Severe competition threatens European car market

Severe competition threatens European car market

Severe competition threatens European car market

Severe competition among car brands may kill a sense of relief in Europe. REUTERS photo

Europe’s decline in car sales is showing signs of bottoming out, even as the market shrinks for a sixth straight year to a two-decade low. But cut-throat price competition among brands and dealers threatens to kill any sense of relief for automakers struggling with excess plant capacity.

Almost all are bleeding cash in Europe, with the exception of Volkswagen and its German luxury peers. Regional losses last year came to 704 million euros for Fiat and $1.8 billion each for Ford and General Motors, while euro-centric PSA Peugeot Citroen posted a thumping 5 billion euro net loss.

Out of concern for brand image, many carmakers mask their price-slashing by registering some of their own vehicles to sell as used, or by offloading them to rental firms at the end of the month with a hefty mark-down.

Others, like South Korea’s Hyundai, are coming up with ever more imaginative discounts they can brazenly advertise to grab a bigger share of Europe’s shrinking market from weaker rivals.

Many of Hyundai’s recent Spanish customers will be getting 2,250 euros back, after it pledged last month to refund one car loan instalment of up to 150 euros for each of the first 15 goals scored by the national soccer side in the Confederation Cup.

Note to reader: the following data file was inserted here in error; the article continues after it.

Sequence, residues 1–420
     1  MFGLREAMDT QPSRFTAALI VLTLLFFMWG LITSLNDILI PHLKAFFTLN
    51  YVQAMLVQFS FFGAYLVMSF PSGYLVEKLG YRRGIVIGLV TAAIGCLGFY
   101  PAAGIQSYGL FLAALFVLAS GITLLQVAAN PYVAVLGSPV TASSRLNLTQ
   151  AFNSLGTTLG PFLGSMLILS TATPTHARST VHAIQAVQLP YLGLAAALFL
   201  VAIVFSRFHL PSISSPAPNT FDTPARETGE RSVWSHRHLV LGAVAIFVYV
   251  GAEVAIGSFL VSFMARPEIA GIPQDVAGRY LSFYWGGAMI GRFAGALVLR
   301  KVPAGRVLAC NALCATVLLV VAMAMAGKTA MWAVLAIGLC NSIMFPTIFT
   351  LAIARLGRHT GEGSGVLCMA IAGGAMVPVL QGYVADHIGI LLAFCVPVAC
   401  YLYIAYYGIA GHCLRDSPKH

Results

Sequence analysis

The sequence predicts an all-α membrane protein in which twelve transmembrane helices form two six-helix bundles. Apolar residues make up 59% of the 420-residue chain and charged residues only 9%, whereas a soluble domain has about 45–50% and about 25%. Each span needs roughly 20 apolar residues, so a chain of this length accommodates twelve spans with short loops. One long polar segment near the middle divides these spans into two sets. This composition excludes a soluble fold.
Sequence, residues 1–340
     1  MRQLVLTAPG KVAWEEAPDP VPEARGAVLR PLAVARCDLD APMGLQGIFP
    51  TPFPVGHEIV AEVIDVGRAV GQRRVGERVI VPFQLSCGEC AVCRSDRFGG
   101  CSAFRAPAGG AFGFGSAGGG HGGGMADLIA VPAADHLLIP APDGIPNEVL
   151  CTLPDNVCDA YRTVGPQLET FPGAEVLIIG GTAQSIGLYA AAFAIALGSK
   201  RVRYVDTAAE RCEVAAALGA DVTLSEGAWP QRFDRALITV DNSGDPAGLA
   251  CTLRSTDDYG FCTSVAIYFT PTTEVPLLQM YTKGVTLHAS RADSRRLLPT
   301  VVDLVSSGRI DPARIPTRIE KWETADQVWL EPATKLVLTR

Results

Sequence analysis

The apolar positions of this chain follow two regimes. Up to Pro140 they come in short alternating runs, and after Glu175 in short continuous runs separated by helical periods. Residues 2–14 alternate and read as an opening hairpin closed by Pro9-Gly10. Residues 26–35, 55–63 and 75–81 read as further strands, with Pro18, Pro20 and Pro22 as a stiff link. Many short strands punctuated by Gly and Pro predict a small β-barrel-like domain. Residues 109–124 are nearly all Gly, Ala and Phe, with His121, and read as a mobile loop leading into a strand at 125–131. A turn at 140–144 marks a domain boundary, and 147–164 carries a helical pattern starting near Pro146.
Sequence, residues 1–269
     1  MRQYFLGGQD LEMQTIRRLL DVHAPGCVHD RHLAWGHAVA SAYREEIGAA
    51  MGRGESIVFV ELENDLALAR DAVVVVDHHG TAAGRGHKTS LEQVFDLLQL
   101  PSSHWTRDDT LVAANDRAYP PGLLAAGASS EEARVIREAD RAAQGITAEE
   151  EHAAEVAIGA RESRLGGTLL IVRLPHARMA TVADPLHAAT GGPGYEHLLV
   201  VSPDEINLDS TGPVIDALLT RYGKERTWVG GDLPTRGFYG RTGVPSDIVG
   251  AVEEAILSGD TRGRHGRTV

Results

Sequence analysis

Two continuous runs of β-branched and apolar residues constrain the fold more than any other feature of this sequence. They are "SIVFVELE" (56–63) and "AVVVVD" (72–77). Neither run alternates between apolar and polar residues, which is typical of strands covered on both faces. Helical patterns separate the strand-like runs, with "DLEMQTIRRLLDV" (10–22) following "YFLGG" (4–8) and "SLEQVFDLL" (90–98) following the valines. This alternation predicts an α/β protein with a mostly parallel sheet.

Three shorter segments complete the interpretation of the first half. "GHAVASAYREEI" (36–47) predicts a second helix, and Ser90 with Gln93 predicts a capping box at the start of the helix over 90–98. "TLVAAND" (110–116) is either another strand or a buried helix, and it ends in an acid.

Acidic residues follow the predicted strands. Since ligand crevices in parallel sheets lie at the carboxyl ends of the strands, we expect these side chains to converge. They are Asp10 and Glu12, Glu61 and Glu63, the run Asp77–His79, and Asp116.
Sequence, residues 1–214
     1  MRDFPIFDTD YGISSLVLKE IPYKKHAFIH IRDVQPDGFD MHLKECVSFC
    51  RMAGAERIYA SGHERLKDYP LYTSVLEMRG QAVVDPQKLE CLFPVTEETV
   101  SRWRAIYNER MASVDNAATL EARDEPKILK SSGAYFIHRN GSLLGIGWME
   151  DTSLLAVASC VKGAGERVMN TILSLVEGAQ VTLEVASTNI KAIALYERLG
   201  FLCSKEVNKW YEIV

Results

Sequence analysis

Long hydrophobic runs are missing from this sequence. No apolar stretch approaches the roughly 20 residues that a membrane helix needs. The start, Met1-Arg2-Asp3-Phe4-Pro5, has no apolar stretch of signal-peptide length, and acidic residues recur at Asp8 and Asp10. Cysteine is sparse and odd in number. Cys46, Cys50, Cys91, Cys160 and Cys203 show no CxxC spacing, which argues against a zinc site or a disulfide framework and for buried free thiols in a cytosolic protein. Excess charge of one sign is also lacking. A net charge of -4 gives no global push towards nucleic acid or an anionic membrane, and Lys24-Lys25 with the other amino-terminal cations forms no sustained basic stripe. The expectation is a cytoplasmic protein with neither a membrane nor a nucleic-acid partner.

Toyota countered with up to 5,000 euros of extra equipment - such as alloy wheels, parking cameras and refrigerated glove boxes - all for one euro. Its Queen Car dealership in Milan, Italy, has also been giving out holidays.

Optimism is growing that car sales volumes may be nearing the end of their long slide.

Ford is boosting Spanish production of its Kuga SUV by 10 percent, while Volkswagen has asked workers to cut short their summer breaks and build more Golf hatchbacks.

While June registrations fell another 6.1 percent in Western Europe, consulting firm LMC Automotive said, the seasonally adjusted rate rose from an annualised 11.55 million in May to 11.7 million, “comfortably the best result so far this year”.

But any nascent recovery is threatened by very high discounts. “Our concern is that this won’t hold,” said Anil Valsan, lead analyst at Ernst & Young’s global automotive practice.

Cash-burning automakers will have to rein in their discounts sooner or later, triggering another sales decline “within the next few months”, Valsan predicted.

“As long as we have incentives at this level, any bottoming out will be artificial,” he said. “If carmakers don’t start pulling back soon, the correction may be even sharper.”